Acipenser nudiventris

Ship sturgeon (A. nudiventris) (Apatin, Danube River Km 1390 - Serbia - 31 Oct 2003). Photo Credit: Predrag Simonovič, University of Belgrade, Serbia


1- General information

The common name of this species is “Ship Sturgeon” or “Fringebarbel Sturgeon”. The scientific name “nudiventris” stems from Latin and means “naked belly”. This is due to the fact that the bony plates on the bellies of adult fishes get rubbed off with age and are often almost fully lost.


2- Occurrence

In a lot of rivers this species occurs only in its sea-migrating form. It inhabited the Black, Azov, Caspian and Aral Seas, from where the spawners migrated upstream the rivers for spawning. However, in the Danube River the Ship Sturgeon has solely been documented in its freshwater form that remains in the river throughout its entire life.


A. nudiventris was formerly recorded in the Lower and Middle Danube (occasionally also in the Delta) – migrating upstream as far as Komarno, 1,766 km from the river mouth, and even Bratislava at km 1,869 – but only rarely entered Austrian waters. Occasionally it also occurred in the following Danube tributaries: Vah, Tisza, Sava and Drava, and in the lower sections of the Prut and Siret.


The Ship Sturgeon was never abundant in the Danube River Basin. Verification on the basis of historical documents is difficult, since young ship sturgeons can easily be confused with sterlets (A. ruthenus) and older fishes with the Danube sturgeon (A. gueldenstaedti). Fishermen often did not distinguish between these different species.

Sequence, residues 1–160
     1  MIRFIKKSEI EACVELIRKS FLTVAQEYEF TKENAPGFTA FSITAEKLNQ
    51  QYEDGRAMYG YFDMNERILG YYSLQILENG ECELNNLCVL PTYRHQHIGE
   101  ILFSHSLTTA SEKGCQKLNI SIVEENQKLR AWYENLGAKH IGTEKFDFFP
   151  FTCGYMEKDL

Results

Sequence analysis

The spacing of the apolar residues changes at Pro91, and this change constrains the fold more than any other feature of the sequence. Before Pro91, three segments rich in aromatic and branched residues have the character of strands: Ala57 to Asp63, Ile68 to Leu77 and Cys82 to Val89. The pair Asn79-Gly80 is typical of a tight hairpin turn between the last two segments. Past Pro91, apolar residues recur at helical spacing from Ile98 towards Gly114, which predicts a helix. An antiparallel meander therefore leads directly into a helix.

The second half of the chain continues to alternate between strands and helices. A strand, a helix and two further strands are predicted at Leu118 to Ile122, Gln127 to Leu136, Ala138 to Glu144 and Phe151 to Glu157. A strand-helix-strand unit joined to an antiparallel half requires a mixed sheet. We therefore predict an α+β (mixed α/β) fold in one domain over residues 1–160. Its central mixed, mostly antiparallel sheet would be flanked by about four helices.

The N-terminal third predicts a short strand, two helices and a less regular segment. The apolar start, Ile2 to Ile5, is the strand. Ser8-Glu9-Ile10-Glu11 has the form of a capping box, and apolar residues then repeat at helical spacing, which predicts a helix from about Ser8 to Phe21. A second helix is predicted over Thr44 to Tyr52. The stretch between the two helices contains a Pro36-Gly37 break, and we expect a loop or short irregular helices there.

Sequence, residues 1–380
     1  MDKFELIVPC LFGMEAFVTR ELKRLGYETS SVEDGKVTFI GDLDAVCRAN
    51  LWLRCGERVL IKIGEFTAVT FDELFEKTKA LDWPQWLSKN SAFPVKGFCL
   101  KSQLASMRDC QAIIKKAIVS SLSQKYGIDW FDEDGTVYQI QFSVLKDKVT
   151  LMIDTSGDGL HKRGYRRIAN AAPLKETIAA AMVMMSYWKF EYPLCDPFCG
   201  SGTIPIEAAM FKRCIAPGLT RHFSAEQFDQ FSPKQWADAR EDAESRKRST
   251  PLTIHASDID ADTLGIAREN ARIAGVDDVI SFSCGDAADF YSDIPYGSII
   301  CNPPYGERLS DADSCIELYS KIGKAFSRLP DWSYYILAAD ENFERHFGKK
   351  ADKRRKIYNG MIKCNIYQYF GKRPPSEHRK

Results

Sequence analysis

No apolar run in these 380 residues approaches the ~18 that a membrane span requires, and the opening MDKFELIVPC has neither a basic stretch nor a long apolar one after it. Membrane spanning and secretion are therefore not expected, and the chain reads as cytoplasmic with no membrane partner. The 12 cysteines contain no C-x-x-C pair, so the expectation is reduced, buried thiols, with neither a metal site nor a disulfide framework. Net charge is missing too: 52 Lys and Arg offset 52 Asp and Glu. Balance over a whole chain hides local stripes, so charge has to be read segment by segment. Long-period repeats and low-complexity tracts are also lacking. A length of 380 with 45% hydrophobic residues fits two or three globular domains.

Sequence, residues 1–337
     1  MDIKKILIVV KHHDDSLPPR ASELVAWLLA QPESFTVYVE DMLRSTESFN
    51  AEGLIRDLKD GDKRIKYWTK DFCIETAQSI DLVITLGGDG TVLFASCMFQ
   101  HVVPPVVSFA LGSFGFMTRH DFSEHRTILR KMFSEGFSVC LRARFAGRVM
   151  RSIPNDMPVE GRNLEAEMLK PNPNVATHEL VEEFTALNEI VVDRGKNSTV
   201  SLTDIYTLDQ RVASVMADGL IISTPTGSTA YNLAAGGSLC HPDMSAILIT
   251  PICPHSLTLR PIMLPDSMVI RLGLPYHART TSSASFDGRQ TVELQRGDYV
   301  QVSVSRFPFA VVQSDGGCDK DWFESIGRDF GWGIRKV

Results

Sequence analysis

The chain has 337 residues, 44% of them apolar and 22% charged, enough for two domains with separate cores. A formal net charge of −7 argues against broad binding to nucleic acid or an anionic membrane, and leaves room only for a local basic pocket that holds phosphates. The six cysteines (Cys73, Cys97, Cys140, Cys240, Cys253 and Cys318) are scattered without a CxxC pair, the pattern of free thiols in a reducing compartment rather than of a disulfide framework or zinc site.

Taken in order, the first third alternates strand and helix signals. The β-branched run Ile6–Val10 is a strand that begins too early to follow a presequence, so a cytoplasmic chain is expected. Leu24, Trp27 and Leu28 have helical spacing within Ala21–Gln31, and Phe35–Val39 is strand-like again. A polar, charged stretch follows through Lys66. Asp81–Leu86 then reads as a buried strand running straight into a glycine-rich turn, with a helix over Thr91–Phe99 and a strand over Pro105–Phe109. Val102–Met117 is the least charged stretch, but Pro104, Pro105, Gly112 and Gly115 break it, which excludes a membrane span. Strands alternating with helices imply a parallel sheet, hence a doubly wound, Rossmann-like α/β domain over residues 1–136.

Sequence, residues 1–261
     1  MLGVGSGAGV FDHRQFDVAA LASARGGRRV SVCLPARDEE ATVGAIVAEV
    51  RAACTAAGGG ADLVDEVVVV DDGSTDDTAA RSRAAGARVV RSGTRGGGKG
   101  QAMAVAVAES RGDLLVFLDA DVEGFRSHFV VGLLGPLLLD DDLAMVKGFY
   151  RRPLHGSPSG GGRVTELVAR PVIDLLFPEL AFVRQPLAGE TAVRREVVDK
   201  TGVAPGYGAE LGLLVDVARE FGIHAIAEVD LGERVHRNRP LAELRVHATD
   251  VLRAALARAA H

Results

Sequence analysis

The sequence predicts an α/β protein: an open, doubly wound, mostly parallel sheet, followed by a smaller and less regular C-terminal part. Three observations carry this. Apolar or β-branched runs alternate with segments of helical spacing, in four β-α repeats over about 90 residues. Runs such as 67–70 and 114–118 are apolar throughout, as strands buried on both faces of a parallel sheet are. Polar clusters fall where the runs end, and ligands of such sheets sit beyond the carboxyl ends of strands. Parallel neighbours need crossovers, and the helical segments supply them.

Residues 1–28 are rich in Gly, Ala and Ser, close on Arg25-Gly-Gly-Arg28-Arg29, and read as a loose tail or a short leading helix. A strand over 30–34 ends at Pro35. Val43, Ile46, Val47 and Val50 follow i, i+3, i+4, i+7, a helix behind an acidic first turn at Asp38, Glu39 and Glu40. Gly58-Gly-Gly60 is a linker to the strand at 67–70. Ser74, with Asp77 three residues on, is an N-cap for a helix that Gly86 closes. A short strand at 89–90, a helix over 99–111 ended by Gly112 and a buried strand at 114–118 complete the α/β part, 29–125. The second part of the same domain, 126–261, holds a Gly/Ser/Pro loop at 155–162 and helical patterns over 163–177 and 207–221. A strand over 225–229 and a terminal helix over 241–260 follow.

3- Biology

The Ship Sturgeon is a rather large species and can reach lengths of more than 2 meters. A maximum age of 36 years was recorded in the Kura River (Caspian Sea Basin). It takes males and females up to 9 and 14 years, respectively, to mature. The females carry 200,000 to 1,300,000 eggs, depending on their size.


The Ship Sturgeon feeds mainly on bottom dwelling organisms such as insect larvae, mussels, snails, crabs and small crayfish. The optimum temperature range for the egg development of this species is between 11 and 15 °C and spawning occurs when temperatures reach this level.


4- Spawning migration

There is absolutely no information on spawning sites in the Danube Basin; in the Kura River (Caspian Sea Basin) and Amu-Darya River (Aral Sea Basin) spawning takes place on gravelly or stony bottoms or along sections with firm, clayey sediments and strong water currents.


5- Status and conservation

A. nudiventris is recorded very seldom in the Danube River Basin nowadays. The species has disappeared completely from the Austrian and Slovak stretches of the Danube, and it is extremely rare in the Hungarian section. However, the capture of ship sturgeons in the Danube near Apatin, (October 2003/ Serbia), in the Mura (May 2005/ close to its confluence with the Drava in Hungary) and in the Danube near Mohacs (December 2009/ Hungary) confirmed the species’ continuing presence in the Middle Danube Basin. There have been no documented catches from the Lower Danube for 30-40 years.


This species is extremely rare and it is debated whether the Danube population has already reached its “point of no return” and is vanishing in the near future. Virtually nothing is known about the life-cycle of this species in the Danube River. According to the IUCN Red List (2010) Acipenser nudiventris is critically endangered. Rescue measures are overdue and most urgently needed.